Zika studies uncover early spread, factors fueling Florida outbreak

Zika virus
Zika virus


Findings from three new Zika genome studies add more pieces to the puzzle about how the virus became established in Brazil and spread through the Americas, and all carry the common theme that Zika was already present long before it was detected in humans.

The studies, all published in the latest issue of Nature today, dovetail with each other and represent extensive collaboration between research institutions and governments and the use of nearly real-time genetic sequencing directly from patient samples, arming outbreak investigators with valuable, more timely information.

One of the studies looked at the genetic family trees of Zika viruses from Florida, revealing at least four introductions into the state, all from the Caribbean.

Rapid spread in Brazil, then division into clades

In one study, a large international team that included the Broad Institute of MIT and Harvard University put together a database of 110 complete or partial Zika virus genomes from patients in 10 countries and territories, the largest so far, comparing them with 64 published and publicly shared genomes. The study was partly supported by the US National Institute of Allergy and Infectious Diseases (NIAID).

New lab and analysis methods developed by the researchers helped overcome challenges in sequencing the Zika virus. Before the study, few Zika genomes had been generated, because the virus is usually present in low levels in clinical samples and disappears quickly.

Hayden Metsky, a study co-first author and graduate student at Harvard University, said in an MIT press release, "We knew it was important to understand the viral populations driving the epidemic, which motivated us to tackle the challenges of sequencing Zika." He added that the data and findings will also support the development of better diagnostic tests and surveillance tools.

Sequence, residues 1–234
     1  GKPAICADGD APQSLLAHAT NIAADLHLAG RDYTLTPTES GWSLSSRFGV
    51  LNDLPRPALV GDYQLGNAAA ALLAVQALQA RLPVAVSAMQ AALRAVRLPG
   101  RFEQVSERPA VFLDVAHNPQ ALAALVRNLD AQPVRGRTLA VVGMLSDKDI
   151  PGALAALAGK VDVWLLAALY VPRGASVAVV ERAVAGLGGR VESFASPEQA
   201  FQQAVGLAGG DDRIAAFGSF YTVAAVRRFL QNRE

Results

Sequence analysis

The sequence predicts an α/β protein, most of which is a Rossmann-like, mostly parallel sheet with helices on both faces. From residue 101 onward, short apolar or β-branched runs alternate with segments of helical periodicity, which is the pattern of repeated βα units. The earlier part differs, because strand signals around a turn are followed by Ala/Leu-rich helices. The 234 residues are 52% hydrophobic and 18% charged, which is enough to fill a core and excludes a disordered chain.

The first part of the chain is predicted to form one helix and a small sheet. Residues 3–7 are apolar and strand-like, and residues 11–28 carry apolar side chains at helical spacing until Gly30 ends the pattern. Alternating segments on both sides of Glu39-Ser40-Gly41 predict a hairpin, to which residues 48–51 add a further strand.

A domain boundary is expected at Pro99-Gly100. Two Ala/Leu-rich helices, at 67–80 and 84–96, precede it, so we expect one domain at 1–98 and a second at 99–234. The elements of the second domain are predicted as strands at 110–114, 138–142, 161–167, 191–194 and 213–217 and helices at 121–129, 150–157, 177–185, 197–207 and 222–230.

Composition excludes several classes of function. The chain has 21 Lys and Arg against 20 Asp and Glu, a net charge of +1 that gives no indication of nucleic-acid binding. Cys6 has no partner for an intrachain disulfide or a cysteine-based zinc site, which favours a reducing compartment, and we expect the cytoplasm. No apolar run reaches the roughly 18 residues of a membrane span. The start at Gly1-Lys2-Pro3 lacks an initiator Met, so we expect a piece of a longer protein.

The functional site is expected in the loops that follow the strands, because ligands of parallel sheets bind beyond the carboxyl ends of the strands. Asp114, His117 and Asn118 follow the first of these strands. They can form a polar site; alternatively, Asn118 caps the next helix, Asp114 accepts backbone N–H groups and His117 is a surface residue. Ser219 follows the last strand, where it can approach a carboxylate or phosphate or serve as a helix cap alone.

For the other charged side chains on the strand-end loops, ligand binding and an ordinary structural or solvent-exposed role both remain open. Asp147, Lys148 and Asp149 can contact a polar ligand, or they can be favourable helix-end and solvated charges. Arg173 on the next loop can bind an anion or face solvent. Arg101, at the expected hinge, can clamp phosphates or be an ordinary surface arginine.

Based on the changes they saw, the team said the Zika spread rapidly after it was introduced to northeast Brazil, probably sometime in 2013, a year before the first cases were confirmed in that country.

Then during the early-to-mid 2015 the virus separated into at least three clades in Colombia, Honduras, and Puerto Rico. Similar to Brazil, in those countries the virus probably arrived 4.5 to 9 months before the first local infections were confirmed. A fourth type was found in the Caribbean and continental United States.

A 'hidden outbreak' in northeast Brazil

Another study details the analysis of 54 complete or partial Zika genomes, mostly from Brazil. In June 2016, researchers traveled about 1,240 miles across northeastern Brazil in a minibus outfitted with a cutting-edge mobile DNA sequencing system, which allowed them to test samples from more than 1,000 patients infected with Zika.

The portable sequencer, made by Oxford Nanopore Technologies, weighs less than 100 grams and is powered by the USB port of a laptop computer.

Nick Loman, PhD, study coauthor and research fellow at the University of Birmingham School of Biosciences, said in a University of Oxford press release, "We developed a new protocol that allows for real-time genomic sequencing—something of vital importance when managing viral outbreaks, as it can provide real insight into how a virus is spreading, transmitting and evolving."

Analysis of the Brazilian samples found that the virus was present in the country a full year before the first cases were confirmed in May 2015.